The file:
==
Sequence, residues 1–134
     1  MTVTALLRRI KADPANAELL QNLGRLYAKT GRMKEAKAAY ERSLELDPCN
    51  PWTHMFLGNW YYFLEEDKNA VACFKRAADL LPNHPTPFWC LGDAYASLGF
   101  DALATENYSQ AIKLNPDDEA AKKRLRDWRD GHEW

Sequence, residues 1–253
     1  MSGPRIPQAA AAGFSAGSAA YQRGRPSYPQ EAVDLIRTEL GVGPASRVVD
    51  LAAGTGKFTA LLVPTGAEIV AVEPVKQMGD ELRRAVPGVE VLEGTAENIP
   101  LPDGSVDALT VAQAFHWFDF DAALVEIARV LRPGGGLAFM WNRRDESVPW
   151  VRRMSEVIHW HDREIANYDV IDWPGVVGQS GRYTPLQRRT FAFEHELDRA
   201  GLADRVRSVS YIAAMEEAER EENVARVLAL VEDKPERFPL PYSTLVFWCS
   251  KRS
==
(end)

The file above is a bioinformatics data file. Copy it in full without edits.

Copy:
Sequence, residues 1–134
     1  MTVTALLRRI KADPANAELL QNLGRLYAKT GRMKEAKAAY ERSLELDPCN
    51  PWTHMFLGNW YYFLEEDKNA VACFKRAADL LPNHPTPFWC LGDAYASLGF
   101  DALATENYSQ AIKLNPDDEA AKKRLRDWRD GHEW

Sequence, residues 1–253
     1  MSGPRIPQAA AAGFSAGSAA YQRGRPSYPQ EAVDLIRTEL GVGPASRVVD
    51  LAAGTGKFTA LLVPTGAEIV AVEPVKQMGD ELRRAVPGVE VLEGTAENIP
   101  LPDGSVDALT VAQAFHWFDF DAALVEIARV LRPGGGLAFM WNRRDESVPW
   151  VRRMSEVIHW HDREIANYDV IDWPGVVGQS GRYTPLQRRT FAFEHELDRA
   201  GLADRVRSVS YIAAMEEAER EENVARVLAL VEDKPERFPL PYSTLVFWCS
   251  KRS